The pass Statement in Python

The pass statement is a no-operation placeholder.

For instance, you can write an infinite loop that does nothing using pass.

>>>while True: pass
...

Note:
Basically, the pass is to statements as None is to objects, nothing.

A pass is also sometime coded to mean “to be filled in later”.

>>> def myfunct1():
...     pass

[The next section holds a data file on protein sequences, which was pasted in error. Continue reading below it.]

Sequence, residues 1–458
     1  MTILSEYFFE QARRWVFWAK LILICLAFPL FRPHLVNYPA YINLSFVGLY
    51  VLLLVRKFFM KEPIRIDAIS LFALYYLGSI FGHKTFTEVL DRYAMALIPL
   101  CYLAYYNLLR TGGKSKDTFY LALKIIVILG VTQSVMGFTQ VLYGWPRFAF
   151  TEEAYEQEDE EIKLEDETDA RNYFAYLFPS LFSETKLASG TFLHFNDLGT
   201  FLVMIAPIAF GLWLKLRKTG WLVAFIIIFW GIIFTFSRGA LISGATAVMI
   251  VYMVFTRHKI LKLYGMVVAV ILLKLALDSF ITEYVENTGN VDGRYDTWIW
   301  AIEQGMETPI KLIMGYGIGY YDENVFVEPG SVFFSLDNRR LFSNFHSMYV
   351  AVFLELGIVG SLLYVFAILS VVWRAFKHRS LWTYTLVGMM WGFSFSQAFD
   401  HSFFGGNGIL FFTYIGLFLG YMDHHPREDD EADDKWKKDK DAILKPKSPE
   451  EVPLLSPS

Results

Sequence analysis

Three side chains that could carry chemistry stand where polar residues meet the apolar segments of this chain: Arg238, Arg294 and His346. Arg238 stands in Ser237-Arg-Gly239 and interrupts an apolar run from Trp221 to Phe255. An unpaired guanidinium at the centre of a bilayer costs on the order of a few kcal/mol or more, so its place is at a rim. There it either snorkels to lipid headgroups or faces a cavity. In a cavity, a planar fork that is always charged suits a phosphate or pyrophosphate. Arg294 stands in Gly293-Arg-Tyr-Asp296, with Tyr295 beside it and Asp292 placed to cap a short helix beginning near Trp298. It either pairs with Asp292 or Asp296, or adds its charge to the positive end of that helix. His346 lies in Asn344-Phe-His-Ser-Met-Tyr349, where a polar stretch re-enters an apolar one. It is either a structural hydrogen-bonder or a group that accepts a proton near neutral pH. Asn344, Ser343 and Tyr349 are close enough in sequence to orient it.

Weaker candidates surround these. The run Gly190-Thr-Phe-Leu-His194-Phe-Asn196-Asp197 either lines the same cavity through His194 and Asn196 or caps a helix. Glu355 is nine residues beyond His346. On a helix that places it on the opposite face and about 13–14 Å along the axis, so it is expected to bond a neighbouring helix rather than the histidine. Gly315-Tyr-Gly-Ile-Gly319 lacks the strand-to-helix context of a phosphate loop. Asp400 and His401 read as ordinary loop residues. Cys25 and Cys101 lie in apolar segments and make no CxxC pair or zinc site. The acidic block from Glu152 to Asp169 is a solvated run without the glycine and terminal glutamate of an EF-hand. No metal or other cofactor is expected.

... 
>>> def myfunct2():
...     pass
... 

Note:
We can’t leave the body empty without getting a syntax error, so we say pass instead.

In Python 3 you can use ellipses coded as ... (three consecutive dots) to appear any place an expression can.

>>> def myfunct():
...     ...
... 
>>> myfunct()

Of course, when called, myfunct() does nothing.

Ellipses can also appear on the same line as a statement header and may be used to initialize variable names.

>>> def f1(): ...
... 
>>> def f2(): ...
... 
>>> x = ...
>>> x
Ellipsis

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